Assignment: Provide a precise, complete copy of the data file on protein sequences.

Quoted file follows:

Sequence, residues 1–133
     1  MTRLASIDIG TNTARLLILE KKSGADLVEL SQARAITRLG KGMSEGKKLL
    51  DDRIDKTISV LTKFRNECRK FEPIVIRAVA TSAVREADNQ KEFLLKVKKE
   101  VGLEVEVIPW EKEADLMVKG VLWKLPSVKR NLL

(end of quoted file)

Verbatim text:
Sequence, residues 1–133
     1  MTRLASIDIG TNTARLLILE KKSGADLVEL SQARAITRLG KGMSEGKKLL
    51  DDRIDKTISV LTKFRNECRK FEPIVIRAVA TSAVREADNQ KEFLLKVKKE
   101  VGLEVEVIPW EKEADLMVKG VLWKLPSVKR NLL